Everyone gets excited at the start of the summer guiding season. Given the vast expanse and terrain types of Colorado’s San Juan Mountains – we put our gear through a lot of tough use. From multi-day backpacking trips in the Weminuche Wilderness (with plenty of afternoon thunderstorms I might add), to the alpine rock of the Grenadier Range and the Wilson/El Diente Traverse – I’ve put my technical outerwear through more than it’s fair share of mountain days. I’m pleased to report that our Outdoor Research Guide Uniform has been more than up to the task.
The Ferrosi Pants and Hoody are both super beathable yet offer excellent wind and water resistance. So whether we are guiding Telluride’s Via Ferrata or the Snake Couloir on Mt. Sneffels we are dry, warm and able to focus on our job not our layering system. The Ferrosi Hoody is light enough that I have worn it on hot, sunny days for sun protection. The Ferrosi Pant is burly enough that it doesn’t show any wear after guiding long trad routes in the Black Canyon or towers in Moab area. In addition, they are cut perfectly for alpine and rock climbing objectives alike, with minimal extraneous fabric in places you don’t need extra fabric.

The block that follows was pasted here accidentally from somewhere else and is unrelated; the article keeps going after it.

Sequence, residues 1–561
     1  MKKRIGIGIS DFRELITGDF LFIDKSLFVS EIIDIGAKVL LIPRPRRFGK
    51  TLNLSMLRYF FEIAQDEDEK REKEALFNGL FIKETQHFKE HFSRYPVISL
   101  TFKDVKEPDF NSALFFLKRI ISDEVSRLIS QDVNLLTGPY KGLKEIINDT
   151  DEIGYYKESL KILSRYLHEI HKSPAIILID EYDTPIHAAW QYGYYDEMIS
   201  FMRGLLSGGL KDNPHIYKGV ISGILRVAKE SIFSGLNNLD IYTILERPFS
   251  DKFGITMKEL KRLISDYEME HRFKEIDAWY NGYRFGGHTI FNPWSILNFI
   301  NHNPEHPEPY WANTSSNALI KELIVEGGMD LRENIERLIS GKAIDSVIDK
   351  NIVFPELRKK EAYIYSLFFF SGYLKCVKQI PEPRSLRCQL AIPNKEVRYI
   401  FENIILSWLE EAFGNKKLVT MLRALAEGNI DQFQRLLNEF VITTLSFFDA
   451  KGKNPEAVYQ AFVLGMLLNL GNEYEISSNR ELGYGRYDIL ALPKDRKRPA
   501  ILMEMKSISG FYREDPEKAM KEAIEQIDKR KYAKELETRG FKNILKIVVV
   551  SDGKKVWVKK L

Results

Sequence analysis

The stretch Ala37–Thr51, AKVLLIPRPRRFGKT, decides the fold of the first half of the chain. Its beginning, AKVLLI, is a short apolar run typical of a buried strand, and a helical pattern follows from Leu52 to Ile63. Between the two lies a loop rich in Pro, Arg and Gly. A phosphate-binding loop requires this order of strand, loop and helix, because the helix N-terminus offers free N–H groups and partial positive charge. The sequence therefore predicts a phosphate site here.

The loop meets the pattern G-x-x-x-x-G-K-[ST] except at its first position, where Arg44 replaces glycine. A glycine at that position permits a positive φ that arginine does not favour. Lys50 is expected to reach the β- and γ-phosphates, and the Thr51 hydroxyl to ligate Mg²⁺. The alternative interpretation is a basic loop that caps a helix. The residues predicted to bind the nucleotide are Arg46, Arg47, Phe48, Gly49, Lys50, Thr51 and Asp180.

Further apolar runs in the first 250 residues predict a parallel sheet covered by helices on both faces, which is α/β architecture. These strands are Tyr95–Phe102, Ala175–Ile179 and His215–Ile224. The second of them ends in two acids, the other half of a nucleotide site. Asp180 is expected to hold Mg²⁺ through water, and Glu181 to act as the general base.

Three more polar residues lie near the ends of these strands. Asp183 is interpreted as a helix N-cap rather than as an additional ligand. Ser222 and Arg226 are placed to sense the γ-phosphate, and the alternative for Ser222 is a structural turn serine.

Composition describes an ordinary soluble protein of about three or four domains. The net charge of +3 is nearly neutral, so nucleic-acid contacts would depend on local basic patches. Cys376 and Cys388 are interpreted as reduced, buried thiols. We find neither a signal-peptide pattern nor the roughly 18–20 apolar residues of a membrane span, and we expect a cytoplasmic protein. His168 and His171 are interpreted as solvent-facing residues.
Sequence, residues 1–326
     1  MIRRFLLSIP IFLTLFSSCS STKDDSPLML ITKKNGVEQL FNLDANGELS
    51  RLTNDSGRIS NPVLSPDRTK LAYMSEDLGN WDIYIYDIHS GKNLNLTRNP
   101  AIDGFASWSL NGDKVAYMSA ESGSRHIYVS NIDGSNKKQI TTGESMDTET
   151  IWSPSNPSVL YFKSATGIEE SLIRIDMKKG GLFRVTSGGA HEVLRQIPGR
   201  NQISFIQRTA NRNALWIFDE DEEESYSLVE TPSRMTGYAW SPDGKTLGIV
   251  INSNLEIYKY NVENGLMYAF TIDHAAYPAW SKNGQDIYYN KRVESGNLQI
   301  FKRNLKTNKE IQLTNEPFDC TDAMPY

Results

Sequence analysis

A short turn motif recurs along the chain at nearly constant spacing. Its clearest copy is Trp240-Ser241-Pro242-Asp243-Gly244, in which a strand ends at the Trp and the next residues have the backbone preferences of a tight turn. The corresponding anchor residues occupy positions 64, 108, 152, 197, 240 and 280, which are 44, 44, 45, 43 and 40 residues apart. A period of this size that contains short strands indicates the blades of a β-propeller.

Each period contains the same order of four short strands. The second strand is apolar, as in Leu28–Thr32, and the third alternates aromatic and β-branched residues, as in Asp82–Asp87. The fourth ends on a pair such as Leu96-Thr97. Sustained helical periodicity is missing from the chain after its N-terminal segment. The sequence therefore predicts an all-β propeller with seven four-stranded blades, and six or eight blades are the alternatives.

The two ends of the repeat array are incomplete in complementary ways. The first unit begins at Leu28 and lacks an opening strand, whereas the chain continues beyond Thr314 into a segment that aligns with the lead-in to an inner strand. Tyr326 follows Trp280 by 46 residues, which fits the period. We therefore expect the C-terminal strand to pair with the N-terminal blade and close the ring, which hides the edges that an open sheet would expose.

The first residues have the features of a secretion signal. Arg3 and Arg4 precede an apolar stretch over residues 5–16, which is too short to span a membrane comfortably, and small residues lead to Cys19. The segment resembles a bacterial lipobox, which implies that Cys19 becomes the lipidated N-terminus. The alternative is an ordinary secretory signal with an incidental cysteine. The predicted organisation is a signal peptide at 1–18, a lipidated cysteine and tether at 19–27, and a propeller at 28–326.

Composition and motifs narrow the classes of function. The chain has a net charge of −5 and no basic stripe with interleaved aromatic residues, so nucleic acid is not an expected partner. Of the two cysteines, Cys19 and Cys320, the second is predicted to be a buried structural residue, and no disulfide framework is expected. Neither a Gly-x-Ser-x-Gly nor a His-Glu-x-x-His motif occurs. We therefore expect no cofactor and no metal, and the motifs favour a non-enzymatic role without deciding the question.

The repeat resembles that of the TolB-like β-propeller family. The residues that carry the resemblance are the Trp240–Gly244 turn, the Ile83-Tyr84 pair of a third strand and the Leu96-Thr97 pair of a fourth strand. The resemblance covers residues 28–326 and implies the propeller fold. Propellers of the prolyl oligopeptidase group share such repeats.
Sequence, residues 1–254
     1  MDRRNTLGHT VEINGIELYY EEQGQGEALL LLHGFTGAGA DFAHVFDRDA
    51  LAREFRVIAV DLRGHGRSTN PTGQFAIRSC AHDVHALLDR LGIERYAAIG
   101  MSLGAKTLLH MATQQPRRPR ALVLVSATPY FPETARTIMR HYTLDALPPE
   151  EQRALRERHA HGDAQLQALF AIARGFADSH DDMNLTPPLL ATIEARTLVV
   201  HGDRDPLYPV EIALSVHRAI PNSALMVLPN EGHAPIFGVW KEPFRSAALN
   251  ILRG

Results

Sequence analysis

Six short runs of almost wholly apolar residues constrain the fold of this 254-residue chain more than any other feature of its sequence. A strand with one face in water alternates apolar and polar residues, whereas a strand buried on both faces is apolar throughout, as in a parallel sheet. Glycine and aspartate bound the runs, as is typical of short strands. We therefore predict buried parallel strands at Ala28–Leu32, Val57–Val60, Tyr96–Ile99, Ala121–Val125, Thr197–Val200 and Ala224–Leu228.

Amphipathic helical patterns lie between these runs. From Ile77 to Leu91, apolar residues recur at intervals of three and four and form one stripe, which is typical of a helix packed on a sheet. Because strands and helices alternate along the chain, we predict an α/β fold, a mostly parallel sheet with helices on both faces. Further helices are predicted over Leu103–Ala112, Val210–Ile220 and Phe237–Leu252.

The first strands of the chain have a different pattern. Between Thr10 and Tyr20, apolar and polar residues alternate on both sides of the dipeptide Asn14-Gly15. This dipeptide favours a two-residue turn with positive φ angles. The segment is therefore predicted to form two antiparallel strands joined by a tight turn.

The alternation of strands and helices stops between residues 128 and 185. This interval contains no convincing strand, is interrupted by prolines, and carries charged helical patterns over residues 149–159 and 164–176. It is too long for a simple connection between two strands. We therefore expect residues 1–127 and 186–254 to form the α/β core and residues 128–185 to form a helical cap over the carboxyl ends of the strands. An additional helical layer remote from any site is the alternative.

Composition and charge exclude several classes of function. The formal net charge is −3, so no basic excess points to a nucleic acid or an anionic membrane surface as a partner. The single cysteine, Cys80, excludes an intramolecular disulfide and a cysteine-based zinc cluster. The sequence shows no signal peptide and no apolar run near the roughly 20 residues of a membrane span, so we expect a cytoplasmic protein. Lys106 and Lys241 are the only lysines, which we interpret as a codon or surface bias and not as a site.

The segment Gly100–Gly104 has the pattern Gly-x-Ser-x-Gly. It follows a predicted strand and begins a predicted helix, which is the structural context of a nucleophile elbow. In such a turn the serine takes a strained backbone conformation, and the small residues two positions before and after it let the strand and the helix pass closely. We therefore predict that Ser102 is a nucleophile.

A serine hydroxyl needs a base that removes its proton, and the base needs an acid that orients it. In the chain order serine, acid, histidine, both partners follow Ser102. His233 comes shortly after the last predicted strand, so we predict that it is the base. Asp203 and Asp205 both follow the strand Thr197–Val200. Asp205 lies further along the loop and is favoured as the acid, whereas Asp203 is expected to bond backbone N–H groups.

I usually layer on the Sequence S/S Polo – which is both comfortable and stylish, and then the Radiant LT Zip Top over that for cool evenings or mornings. I’m particularly a fan of the thumb holes on the Radiant and find that the piece is cut perfectly so that those sleeves don’t ride up or make you feel like they are going to cut off circulation to your thumb when using the thumb holes. Seriously, I have had some other pullovers from different manufacturers who made the sleeves of the pullover too short such that the thumb holes were basically unusable for me – and I have long arms.